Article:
Mathematics Stack Exchange is a question and answer site for people studying math at any level and professionals in related fields. Join them; it only takes a minute:

Sign up
Here's how it works:
  1. Anybody can ask a question
  2. Anybody can answer
  3. The best answers are voted up and rise to the top

In the book Introduction to Linear Optimization by Bertsimas Dimitri, a polyhedron is defined as a set $ \lbrace x \in \mathbb{R^n} | Ax \geq b \rbrace $, where A is an m x n matrix and b is a vector in $\mathbb{R^m}$. What it means is that a polyhedron is the intersection of several halfspaces.

A ball can also be viewed as the intersection of infinitely many halfspaces. So I was wondering if a ball is also a polyhedron by that definition or by any other definition that you might use?

Thanks and regards!

share|cite|improve this question
Can someone explain how a sphere can be viewed as the intersection of infinite halfspaces? – Cam Sep 17 '10 at 20:57
The wording is slightly wrong. I took it to mean: "The ball can be viewed as the intersection of infinitely many halfspaces." – alext87 Sep 17 '10 at 21:00
Thanks! Corrected it. – Tim Sep 17 '10 at 21:59
Technically yes with some non-Euclidean norms like $L_1$ and $L_{\infty}$. For example in the metric space $(\mathbb R^2,L_1)$, the unit ball is the convex hull of $(1,0), (0,1), (-1,0), (0,-1)$. In $(\mathbb R^2,L_{\infty})$, the unit ball is the square $[-1,1]\times[-1,1]$. These remain polytopes for all finite dimensions $ n \to \mathbb R^n$ – alancalvitti Jan 15 '13 at 16:59
up vote 3 down vote accepted

No a ball is not a polyhedron, even by this definition. In your definition the matrix $A$ is of size $m\times n$, where $m\in\mathbb{N}$ thus the matrix is finite. The integer $m$ is an upper bound on the number of halfspaces which intersect to form the polyhedron.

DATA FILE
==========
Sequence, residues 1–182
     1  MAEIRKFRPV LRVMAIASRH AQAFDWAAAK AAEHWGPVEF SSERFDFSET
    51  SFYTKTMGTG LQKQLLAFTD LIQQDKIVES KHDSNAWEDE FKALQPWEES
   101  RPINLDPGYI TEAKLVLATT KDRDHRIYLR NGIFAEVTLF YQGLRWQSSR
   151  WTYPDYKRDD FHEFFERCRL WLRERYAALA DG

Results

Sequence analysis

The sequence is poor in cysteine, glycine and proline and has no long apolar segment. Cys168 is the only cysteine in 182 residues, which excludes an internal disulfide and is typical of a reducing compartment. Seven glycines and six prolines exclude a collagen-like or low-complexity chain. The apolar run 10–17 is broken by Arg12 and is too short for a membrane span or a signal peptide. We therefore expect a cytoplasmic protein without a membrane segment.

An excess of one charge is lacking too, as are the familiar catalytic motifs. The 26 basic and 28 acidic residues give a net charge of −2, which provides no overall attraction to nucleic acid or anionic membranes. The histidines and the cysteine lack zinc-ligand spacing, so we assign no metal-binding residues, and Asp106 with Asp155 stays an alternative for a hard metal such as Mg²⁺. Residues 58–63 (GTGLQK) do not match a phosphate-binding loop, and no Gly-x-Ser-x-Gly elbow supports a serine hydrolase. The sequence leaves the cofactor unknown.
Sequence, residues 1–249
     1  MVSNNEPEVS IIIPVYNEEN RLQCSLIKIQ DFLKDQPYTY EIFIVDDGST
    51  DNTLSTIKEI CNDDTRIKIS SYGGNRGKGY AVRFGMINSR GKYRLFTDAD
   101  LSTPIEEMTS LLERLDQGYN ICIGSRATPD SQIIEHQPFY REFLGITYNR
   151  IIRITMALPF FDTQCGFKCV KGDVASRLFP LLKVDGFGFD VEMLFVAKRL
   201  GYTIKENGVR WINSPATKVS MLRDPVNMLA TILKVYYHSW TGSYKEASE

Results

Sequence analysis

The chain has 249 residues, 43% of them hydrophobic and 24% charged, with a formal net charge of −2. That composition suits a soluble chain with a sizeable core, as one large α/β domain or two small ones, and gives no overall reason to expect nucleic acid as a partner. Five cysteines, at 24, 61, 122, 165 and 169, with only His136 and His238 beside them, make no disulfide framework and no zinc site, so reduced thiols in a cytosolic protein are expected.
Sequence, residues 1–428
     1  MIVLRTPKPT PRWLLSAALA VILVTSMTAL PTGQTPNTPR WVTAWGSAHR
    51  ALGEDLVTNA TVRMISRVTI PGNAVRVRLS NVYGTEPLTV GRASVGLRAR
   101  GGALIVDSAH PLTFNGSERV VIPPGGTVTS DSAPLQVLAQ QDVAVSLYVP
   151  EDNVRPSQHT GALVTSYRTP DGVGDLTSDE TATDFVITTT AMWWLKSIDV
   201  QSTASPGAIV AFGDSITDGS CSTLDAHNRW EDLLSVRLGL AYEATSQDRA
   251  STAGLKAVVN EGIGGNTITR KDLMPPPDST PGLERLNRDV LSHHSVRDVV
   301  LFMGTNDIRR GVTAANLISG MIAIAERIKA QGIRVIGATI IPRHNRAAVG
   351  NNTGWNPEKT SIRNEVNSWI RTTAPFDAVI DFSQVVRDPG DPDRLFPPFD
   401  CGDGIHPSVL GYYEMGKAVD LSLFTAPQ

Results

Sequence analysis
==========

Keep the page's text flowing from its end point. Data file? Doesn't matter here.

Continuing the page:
The reason $m$ is an upper bound is because suppose $A$ has two rows identical. Then there are two hyperspaces which are parallel so at least one of them does not form any part of the polyhedron.

share|cite|improve this answer

The usual definition of a polyhedron requires that either one intersects a finite number of half-spaces, or one takes the convex hull of a finite set of points.

See the book Convex Polytopes by Branko Grünbaum (either the first or second edition).

share|cite|improve this answer
Thanks! Are the two definitions equivalent? – Tim Sep 17 '10 at 23:01
@Tim: The two definitions are not equivalent; consider a halfspace. They are equivalent if the shape is bounded, and this equivalence is a fundamental result in the theory of convex polytopes. It can be proved by the Fourier-Motzkin elimination. – Tsuyoshi Ito Sep 18 '10 at 11:05

polyhedron is not ball cause its a solid figure bounded by plane polygons or faces

share|cite|improve this answer
An potential answer would begin "a ball is not a polyhedron because..." and not the other way around. I can see you have the beginnings of an answer, but work a little on retyping it and it may get some attention. – rschwieb Jan 15 '13 at 16:46

Your Answer


By posting your answer, you agree to the privacy policy and terms of service.

Not the answer you're looking for? Browse other questions tagged or ask your own question.